Reducing indoor air pollutants with air filtration units in wood stove homes

Marcy L. McNamara, Jonathon Thornburg, Erin O. Semmens, Tony J. Ward, Curtis W. Noonan

Research output: Contribution to journalArticlepeer-review

42 Scopus citations


Background Biomass burning has been shown to be a major source of poor indoor air quality (IAQ) in developing and higher income countries across the world. Specifically, wood burning for cooking and heating contributes to high indoor concentrations of fine (particles with aerodynamic diameters < 2.5 μm; PM2.5) and coarse (particles with aerodynamic diameters < 10 μm and > 2.5 μm; PMc) particulate matter. Endotoxin, predominantly found within the coarse fraction of airborne particulate matter, is associated with proinflammatory effects and adverse outcomes among susceptible populations. The aim of this study was to assess the efficacy of air filter interventions in reducing indoor PM2.5, PMc, and PMc-associated endotoxin concentrations in homes using a wood stove for primary heating. Results Homes (n = 48) were randomized to receive in-room air filtration units with either a high efficiency filter (i.e. active) or a lower efficiency fiberglass filter (i.e., placebo). The active filter intervention showed a 66% reduction in indoor PM2.5 concentrations (95% CI: 42.2% to 79.7% reduction) relative to the placebo intervention. Both the active and the placebo filters were effective in substantially reducing indoor concentrations of PMc (63.3% and 40.6% average reduction for active and placebo filters, respectively) and PMc-associated endotoxin concentrations (91.8% and 80.4% average reductions, respectively). Conclusions These findings support the use of high efficiency air filtration units for reducing indoor PM2.5 in homes using a wood stove for primary heating. We also discovered that using lower efficiency, lower cost filter alternatives can be effective for reducing PMc and airborne endotoxin in homes burning biomass fuel.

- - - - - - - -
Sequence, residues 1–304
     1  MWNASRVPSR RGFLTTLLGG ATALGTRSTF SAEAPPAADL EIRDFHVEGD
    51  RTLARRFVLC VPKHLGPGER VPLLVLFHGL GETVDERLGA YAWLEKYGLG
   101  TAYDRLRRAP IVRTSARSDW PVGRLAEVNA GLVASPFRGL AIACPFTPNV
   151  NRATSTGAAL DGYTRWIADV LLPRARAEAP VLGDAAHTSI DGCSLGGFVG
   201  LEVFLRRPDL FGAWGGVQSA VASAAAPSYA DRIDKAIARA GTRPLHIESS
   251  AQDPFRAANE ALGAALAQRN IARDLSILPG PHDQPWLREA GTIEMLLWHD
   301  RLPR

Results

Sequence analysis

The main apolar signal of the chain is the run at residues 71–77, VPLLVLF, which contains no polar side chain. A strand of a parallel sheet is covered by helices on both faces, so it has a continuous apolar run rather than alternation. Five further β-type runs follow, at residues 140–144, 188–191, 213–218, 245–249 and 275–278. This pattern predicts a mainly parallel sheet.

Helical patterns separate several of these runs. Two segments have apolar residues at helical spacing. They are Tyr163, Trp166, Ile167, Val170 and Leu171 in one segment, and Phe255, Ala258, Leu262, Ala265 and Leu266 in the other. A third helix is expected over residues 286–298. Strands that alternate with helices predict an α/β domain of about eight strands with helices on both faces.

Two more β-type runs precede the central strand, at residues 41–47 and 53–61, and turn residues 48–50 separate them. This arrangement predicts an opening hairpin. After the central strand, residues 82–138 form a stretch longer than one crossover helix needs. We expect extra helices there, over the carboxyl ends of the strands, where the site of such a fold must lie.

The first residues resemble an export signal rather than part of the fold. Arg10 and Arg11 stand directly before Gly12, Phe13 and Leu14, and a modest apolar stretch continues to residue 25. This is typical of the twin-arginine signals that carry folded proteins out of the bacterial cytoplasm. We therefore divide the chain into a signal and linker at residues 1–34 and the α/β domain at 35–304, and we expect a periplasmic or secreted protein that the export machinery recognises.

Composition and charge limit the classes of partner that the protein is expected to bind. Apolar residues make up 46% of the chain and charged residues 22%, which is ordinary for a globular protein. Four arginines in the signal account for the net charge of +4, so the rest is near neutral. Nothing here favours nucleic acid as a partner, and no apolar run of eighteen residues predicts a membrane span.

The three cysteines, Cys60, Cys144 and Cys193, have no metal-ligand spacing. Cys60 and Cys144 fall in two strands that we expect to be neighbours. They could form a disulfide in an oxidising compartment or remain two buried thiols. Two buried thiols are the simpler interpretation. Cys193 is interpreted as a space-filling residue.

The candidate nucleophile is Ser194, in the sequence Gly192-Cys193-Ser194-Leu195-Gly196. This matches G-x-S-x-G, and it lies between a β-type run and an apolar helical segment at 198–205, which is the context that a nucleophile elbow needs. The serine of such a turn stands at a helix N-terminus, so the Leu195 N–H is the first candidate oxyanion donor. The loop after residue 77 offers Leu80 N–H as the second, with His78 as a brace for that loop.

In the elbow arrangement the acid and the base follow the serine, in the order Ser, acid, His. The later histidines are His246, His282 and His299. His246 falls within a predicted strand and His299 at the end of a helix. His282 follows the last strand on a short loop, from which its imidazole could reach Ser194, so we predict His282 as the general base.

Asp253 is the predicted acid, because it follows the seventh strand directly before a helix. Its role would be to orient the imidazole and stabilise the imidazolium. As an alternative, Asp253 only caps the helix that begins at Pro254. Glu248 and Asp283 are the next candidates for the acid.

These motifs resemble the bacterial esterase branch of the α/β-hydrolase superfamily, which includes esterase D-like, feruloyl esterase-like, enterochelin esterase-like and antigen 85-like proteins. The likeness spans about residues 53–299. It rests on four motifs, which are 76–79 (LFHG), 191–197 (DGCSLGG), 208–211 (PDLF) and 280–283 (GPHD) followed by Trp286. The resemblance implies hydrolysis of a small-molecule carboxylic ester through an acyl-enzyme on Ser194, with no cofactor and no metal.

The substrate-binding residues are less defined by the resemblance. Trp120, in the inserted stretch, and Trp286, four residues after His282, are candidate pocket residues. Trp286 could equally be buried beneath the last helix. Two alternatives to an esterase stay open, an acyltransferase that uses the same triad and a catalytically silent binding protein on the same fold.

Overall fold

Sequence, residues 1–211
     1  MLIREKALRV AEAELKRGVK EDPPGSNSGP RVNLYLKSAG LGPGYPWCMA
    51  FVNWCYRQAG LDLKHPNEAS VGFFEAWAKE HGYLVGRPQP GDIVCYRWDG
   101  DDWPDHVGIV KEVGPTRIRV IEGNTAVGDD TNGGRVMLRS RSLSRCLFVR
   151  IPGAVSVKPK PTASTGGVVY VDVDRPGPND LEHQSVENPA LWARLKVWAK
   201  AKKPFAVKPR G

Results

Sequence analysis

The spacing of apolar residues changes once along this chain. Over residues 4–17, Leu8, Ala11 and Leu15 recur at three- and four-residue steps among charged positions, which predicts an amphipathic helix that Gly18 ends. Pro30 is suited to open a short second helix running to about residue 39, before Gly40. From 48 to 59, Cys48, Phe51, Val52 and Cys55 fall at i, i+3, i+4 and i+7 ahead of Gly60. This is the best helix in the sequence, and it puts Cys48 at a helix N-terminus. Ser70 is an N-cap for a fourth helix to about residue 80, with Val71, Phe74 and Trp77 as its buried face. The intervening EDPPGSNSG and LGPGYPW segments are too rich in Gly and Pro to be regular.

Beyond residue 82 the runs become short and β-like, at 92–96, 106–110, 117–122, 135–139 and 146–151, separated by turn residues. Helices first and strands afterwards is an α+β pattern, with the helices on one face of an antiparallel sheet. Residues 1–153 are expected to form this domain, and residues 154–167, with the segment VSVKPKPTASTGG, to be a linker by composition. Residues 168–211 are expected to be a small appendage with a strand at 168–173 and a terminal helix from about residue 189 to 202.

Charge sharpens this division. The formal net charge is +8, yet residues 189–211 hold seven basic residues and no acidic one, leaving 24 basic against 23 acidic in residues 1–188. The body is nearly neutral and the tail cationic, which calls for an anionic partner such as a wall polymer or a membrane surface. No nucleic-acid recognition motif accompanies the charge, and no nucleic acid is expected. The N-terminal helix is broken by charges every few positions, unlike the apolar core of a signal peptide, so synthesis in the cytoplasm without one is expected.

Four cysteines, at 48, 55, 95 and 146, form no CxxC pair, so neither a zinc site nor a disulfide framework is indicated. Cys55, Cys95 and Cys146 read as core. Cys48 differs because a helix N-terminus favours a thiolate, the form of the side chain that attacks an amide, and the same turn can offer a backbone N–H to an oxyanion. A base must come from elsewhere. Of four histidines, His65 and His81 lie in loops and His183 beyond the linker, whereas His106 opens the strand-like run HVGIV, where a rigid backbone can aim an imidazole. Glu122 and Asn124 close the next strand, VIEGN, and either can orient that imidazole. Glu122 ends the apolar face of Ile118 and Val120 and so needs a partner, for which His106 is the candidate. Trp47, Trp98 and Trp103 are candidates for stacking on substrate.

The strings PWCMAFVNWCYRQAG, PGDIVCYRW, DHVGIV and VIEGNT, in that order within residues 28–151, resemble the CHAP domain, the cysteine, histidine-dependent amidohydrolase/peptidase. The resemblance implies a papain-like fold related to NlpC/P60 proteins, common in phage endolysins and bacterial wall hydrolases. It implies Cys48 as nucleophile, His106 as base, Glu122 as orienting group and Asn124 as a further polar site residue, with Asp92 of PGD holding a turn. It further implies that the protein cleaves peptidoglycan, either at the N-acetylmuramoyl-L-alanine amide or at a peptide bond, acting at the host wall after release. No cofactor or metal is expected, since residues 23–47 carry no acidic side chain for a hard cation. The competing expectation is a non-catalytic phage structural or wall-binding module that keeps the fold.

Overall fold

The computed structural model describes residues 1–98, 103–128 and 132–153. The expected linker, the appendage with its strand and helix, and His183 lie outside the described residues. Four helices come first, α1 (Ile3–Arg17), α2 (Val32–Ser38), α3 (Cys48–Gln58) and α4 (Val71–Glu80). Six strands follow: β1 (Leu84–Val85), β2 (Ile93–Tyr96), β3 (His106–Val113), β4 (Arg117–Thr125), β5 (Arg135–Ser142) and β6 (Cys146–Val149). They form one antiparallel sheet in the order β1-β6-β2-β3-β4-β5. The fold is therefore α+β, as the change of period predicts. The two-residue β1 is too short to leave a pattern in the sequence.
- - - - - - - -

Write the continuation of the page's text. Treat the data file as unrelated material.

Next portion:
Original languageEnglish
Pages (from-to)488-494
Number of pages7
JournalScience of the Total Environment
StatePublished - Aug 15 2017


  • Air filter
  • Biomass
  • Coarse
  • Endotoxin
  • Particulate matter
  • Residential


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